"Polo has taken an unusual path to luxury," says Liz Dunn, a retail analyst at Thomas Weisel Partners. "They didn't start with $3,000 ball gowns. Most luxury-goods companies start at the high end, and then they filter their brand downstream and do diffusion lines, which they look at as a necessary evil. But Ralph Lauren strives to be excellent at every price point. They are maniacal in their focus on every category."
Maniacal focus has had a lot to do with Lauren's ability to control his own destiny at a scale where other famous designers have faltered. Polo Ralph Lauren has $4 billion in revenue and a market cap of over $8 billion. With more than 14,000 employees and stores in 65 countries, Polo is bigger than household names like Tiffany and Saks. Among the great designers - American heavyweight division - he is the last man standing.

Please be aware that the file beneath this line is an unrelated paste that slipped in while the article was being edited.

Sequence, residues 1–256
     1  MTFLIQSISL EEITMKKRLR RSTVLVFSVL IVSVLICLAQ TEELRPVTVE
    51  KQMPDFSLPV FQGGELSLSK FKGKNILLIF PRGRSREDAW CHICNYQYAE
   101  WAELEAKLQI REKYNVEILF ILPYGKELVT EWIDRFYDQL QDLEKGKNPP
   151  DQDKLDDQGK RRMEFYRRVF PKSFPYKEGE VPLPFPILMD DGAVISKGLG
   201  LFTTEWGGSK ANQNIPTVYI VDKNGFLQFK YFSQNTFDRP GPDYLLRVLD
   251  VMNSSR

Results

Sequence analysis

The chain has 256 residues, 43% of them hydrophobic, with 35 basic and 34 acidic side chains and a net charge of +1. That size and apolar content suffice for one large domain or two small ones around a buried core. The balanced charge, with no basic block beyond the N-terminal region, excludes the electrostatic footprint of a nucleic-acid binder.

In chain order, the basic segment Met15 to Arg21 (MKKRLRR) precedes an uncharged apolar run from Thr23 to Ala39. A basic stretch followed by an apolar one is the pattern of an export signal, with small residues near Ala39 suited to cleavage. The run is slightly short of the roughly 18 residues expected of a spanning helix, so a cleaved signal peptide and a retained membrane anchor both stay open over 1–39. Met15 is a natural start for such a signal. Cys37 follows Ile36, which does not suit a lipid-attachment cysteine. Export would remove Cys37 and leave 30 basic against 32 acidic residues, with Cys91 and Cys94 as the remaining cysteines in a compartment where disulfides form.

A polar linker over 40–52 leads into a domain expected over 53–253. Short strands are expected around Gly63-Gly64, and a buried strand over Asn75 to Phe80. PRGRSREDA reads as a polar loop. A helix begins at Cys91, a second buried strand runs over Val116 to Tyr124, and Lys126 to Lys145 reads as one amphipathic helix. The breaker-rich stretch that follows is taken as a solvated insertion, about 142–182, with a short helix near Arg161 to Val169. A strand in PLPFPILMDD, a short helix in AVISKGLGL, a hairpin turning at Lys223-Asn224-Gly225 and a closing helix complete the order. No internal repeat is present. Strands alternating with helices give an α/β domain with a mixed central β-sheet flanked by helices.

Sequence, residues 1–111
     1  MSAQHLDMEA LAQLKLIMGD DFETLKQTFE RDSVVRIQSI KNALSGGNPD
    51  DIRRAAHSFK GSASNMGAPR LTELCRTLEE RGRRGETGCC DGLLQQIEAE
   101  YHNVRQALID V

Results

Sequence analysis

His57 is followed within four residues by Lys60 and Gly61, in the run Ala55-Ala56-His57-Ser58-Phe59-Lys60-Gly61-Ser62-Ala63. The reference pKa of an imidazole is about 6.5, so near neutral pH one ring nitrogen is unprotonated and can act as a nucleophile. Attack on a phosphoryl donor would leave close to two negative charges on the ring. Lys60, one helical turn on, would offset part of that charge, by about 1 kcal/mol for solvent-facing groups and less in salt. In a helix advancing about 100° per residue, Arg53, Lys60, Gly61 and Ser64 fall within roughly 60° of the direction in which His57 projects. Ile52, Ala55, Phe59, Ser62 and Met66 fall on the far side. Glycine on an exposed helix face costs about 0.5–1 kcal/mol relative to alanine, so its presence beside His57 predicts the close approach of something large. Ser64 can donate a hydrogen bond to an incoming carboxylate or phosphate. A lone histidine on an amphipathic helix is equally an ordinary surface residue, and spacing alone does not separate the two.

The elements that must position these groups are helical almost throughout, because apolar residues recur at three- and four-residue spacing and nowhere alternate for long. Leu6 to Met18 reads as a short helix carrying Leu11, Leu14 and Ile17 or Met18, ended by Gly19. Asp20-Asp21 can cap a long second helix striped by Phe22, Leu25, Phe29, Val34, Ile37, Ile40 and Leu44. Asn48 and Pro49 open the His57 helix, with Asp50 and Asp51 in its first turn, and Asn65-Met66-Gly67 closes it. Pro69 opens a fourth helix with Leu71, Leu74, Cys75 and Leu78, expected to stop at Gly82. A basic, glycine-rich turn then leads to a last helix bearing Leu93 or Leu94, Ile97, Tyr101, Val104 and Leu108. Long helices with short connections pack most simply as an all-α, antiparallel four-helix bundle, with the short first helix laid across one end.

Calvin Klein cashed out in 2003, and Tommy Hilfiger is now private equity's captive. When Lauren (pronounced like Lauren Bacall, not like Sophia Loren) looks in the mirror, however, he doesn't see merely a designer. He sees himself as a visionary who hopes to leave behind an iconic American company as his legacy.
In one of several interviews for this story, Lauren explained to Fortune what drives him these days: "Bill Paley had a vision for CBS. He had clarity. He had a dream. He had talent. He had a focus, and he believed in that vision, and his company ended up having longevity."
At first, it sounds like braggadocio. William S. Paley ... Ralph Lauren? (Come on, "Lauren" isn't even his real name.) But in his own way, Ralph Lauren (the former Ralph Lifshitz from the Bronx) has created as sterling an American brand as the Tiffany Network. His ad campaigns promise entrée to a primetime lineup of tycoons, debutantes, cowboys, and big-game hunters. The price of admission? Just buy his clothes.